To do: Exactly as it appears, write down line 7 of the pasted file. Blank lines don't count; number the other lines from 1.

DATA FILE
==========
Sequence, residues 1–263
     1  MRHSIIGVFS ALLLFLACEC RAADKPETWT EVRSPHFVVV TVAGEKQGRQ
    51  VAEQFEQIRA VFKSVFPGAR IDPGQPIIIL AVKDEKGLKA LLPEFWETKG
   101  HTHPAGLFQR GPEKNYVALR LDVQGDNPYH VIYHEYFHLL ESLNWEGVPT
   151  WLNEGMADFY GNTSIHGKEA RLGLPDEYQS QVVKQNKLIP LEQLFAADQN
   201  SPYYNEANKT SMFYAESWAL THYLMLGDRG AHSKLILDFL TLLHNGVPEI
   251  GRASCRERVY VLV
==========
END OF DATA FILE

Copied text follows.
   251  GRASCRERVY VLV